System. file://tmp/test3. etc.out.txt document text: Please test the index code before tomorrow.txt document text: This is a test for index and a test for search. file://tmp/test2. I use the Lucene library frequently on customer projects and although tailoring Lucene to specific applications is not simple.println("Matched document URI: " + uri_and_text[0]). 197 . PDF. Lucene is also very efficient and scales well to very large indices. the wealth of options for analyzing text and maintaining disk-based indices makes Lucene a very good tool.org. Out of the box.txt.txt. TML. and we have a great topic for finishing the book: the Nutch system that is a very useful tool for information storage and retrieval.out. } and here is the sample output (with debug printout from deleting the old test diskbased index removed): Matched document URIs: [file://tmp/test1.txt] Matched document URI: file://tmp/test1. Nutch can be configured to index documents on a local file system and contains utilities for processing a wide range of document types (Microsoft Office.). OpenOffice. Matched document URI: file://tmp/test3. You can also configure Nutch to spider remote and local private (usually on a company LAN) web sites. In Section 10.txt document text: Please test the index code. Matched document URI: file://tmp/test2.5 Indexing and Search with Nutch Clients This is the last section in this book. 10.5 we will look at the Nutch system that is built on top of Lucene and provides a complete turnkey (but also highly customizable) solution to implementing search in large scale projects where it does not make sense to use Lucene in an embedded mode as we did in this Section.10.5 Indexing and Search with Nutch Clients for (String[] uri_and_text : doc_uris_with_text) { System.println(" document text: " + uri_and_text[1]). it only takes about 15 minutes to set up a “vanilla” Nutch server with the default web interface for searching documents.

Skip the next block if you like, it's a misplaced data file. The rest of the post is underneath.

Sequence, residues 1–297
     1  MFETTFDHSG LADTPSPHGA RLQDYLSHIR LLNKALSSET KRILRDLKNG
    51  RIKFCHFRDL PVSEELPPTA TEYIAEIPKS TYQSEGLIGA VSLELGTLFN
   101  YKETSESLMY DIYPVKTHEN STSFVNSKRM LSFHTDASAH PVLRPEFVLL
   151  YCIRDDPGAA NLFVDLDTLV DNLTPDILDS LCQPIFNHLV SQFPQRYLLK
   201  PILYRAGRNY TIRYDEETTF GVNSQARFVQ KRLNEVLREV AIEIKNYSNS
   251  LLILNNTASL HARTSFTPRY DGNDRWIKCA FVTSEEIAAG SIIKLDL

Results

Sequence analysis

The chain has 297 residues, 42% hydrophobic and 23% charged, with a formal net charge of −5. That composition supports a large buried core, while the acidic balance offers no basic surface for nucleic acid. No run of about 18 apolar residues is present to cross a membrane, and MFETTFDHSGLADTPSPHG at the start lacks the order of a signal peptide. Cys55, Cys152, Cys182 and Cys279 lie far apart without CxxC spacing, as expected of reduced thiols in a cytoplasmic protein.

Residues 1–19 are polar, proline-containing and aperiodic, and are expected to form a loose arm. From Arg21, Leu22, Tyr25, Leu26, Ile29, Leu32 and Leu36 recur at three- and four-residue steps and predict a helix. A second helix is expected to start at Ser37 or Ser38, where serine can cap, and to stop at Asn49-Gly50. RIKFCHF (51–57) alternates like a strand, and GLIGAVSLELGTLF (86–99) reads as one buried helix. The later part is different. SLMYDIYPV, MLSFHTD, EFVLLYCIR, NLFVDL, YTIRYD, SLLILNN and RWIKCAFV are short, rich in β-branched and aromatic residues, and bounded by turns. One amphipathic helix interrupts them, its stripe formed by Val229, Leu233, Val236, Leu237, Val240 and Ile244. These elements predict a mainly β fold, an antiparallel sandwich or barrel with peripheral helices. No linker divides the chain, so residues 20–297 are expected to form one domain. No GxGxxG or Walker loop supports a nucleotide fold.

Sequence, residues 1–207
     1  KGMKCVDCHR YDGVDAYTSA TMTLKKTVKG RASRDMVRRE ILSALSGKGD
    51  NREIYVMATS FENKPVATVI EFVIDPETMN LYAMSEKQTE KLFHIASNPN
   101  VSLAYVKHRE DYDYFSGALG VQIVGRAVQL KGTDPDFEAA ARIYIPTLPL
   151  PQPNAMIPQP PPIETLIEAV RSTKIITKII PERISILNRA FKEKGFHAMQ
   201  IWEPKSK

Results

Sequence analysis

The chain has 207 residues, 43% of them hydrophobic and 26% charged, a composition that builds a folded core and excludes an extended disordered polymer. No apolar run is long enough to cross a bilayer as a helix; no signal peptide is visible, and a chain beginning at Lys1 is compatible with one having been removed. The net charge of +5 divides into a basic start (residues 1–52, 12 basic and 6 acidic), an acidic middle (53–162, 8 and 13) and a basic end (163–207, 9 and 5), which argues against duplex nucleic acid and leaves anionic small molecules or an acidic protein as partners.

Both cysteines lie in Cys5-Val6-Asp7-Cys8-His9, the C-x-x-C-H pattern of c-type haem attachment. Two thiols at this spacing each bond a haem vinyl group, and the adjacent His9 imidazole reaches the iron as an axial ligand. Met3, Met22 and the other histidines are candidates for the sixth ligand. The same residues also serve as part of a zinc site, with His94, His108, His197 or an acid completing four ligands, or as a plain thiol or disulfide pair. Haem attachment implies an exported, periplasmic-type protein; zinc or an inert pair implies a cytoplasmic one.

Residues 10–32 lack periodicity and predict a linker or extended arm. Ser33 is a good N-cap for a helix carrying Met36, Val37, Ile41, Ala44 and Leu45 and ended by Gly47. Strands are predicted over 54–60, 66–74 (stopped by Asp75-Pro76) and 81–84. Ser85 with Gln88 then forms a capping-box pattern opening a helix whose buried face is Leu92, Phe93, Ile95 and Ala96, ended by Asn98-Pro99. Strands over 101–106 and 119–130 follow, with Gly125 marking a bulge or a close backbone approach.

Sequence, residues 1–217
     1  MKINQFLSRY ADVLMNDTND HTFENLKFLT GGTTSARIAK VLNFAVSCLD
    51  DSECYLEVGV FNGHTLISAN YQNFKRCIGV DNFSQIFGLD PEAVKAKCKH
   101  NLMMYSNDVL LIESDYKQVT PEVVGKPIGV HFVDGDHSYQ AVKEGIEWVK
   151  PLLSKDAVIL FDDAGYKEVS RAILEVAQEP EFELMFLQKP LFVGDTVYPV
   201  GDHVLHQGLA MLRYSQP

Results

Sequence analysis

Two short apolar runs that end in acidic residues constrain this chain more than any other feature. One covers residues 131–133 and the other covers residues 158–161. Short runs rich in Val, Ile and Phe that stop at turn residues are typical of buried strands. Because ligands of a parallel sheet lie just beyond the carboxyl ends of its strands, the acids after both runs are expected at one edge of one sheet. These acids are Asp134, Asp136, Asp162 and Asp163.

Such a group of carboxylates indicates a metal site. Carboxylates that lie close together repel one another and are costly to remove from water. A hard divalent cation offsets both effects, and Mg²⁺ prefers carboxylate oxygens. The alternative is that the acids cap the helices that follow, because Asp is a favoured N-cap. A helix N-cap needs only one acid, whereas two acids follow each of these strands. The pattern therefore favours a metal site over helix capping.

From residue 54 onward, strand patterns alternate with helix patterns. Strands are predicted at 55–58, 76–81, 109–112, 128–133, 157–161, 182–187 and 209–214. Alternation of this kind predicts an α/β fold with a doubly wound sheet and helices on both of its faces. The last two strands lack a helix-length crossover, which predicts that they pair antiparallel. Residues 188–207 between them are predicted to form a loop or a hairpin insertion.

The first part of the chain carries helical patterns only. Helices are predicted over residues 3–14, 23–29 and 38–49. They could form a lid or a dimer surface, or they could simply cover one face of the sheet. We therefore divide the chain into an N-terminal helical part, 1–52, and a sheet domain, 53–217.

9 to: Tomcat6_Nutch/nutch The file Tomcat6 Nutch/nutch/conf/crawl-urlfilter. that you have removed all files from the directory Tomcat6 Nutch/webapps/.(gif|GIF|jpg|JPG| .war: Tomcat6_Nutch/webapps/ROOT.org but I will cover the basics here. What I do want to show you is how I usually use the Nutch system on customer projects: after I configure Nutch to periodically “spider” customer specific data sources I then use a web services client library to integrate Nutch with other systems that need both document repository and search functionality. one being a comment line containing the string “knowledgebooks.5. etc. 10. here I have configured it to spider just my http://knowledgebooks. ftp:.apache. For this discussion. I prefer to use the OpenSearch API that is an extension of RSS 2. I assume that you have unpacked Tomcat and changed the directory name to Tomcat6 Nutch.)$ # skip URLs containing certain characters as probable # queries. and that you have then moved the nutch0. -[?*!@=] 198 . More information on the OpenSearch standard can be found at http://www. I will quickly go over the steps I use to set up Tomcat version 6 with Nutch.0 for performing search using web service calls.opensearch..org/nutch contains binary distributions and tutorials for quickly setting up a Nutch system and I will not repeat all of these directions here.com search engine and may become widely adopted since it is a reasonable standard.war file (I am using Nutch version 0.10 Information Gathering The Nutch web site http://lucene.9) to the Tomcat webapps directory changing its name to ROOT. OpenSearch was originally developed for Amazon’s A9.com web site (the only changes I had to make are the two lines.1 Nutch Server Fast Start Setup For completeness. & mailto: urls -ˆ(file|ftp|mailto): # skip image and other suffixes we can’t yet parse -\.txt needs to be edited to specify a combination of local and remote data sources.com”): # skip file:.. Although you can tightly couple your Java applications with Nutch using the Nutch API.war I then move the directory nutch-0.9.